by Gary Foreman
It's time to get the suitcases out of the attic and start thinking about the great family vacation! And we can expect to spend pretty freely to support that get-away. The average family will spend about $3,000 on food and lodging for a two-week vacation. Transportation makes the total even higher. Is there a way to cut those costs a little without spoiling the trip? Sure! In fact, some money-saving ideas will actually help you have a more enjoyable trip.
Some of your best opportunities to save happen before you even leave home. Begin by calling the Chamber of Commerce in any areas you'll be visiting. You can get their number through long-distance directory assistance 1-(area code)-555-1212. Tell them that you'll be visiting the area and you'd like advice on places to go and stay. Most will provide a wealth of information. The Chamber's goal is to help local businesses. Part of that is telling people what's available in the area. Don't be surprised if they provide you with maps, brochures on local attractions, and even discount coupons. Strike up a conversation with them. Tell them what your family likes to do. There could be something that's not normally a tourist attraction that would be perfect for your family. A few minutes on the phone could be the key to finding out about good local restaurants and other interesting sites that only the locals know about.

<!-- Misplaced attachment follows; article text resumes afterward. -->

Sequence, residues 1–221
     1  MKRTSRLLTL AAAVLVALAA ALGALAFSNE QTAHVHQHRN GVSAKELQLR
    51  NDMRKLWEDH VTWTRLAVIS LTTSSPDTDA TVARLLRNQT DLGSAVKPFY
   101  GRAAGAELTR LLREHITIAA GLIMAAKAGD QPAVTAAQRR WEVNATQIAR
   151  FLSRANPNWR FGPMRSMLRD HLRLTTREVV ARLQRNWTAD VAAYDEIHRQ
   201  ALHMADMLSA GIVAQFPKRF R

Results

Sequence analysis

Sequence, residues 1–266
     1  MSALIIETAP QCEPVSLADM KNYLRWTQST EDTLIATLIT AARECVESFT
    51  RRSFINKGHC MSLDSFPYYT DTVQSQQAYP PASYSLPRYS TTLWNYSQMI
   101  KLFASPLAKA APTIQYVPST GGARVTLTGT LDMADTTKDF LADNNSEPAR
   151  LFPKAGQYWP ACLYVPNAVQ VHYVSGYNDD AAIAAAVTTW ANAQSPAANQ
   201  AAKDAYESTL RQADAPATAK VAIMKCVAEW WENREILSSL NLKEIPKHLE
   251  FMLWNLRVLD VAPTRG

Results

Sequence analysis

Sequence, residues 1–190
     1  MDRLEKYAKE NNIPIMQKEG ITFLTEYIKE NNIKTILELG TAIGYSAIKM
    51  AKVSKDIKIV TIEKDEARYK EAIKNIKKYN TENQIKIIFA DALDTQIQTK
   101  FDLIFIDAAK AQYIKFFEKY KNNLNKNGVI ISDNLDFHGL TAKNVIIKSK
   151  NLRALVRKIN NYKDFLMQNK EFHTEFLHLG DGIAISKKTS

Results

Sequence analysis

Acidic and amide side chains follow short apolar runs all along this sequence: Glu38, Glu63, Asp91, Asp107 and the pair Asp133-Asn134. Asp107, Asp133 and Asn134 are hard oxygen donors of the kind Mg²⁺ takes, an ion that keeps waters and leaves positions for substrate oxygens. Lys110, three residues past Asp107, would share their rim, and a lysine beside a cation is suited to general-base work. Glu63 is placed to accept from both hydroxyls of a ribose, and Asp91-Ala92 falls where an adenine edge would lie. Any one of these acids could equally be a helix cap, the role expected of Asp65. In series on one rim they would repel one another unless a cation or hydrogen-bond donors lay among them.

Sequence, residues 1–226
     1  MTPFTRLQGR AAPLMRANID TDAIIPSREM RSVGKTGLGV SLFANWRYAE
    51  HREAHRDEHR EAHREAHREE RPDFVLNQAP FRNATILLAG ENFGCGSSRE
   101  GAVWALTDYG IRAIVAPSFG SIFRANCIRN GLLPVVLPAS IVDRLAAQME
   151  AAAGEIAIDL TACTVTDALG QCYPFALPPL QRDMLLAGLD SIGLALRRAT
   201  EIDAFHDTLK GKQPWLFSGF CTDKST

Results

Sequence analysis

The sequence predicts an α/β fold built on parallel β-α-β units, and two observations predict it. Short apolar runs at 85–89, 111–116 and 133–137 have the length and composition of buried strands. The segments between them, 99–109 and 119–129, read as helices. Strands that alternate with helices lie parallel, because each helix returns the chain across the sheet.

Next you'll want to check the state's agency that's dedicated to tourism and travel. Typically it will be located in the state capital. Here you'll get the opportunity to ask about free state maps and brochures describing different attractions. If you tell them your route, they can suggest some side trips. And don't forget states that you're just planning on driving through. Before the creation of the interstate highway and the "destination" tourist attraction, many fine places competed for tourist dollars. Some of them are still wonderful places to visit. You can find state parks, zoos, specialized museums and halls of fame if you're willing to do a little research, and most are inexpensive compared with the big attractions. Not only will you save money, but the lack of crowds and lines is nice, too! A trip to the library is in order. You'll want to browse the travel magazines, specifically the advertising sections. Look for places in the general vicinity of your travels. Call or write away for any literature available. By learning more about various attractions, you'll make better decisions on which places to visit and which ones to skip. And many of the packets will include special discount offers.
Then check the library for travel guides. If possible, take them home so you'll have time to really digest them. Passing the books among family members will give you the opportunity to discuss what will please everyone. You'll also increase the anticipation for the trip.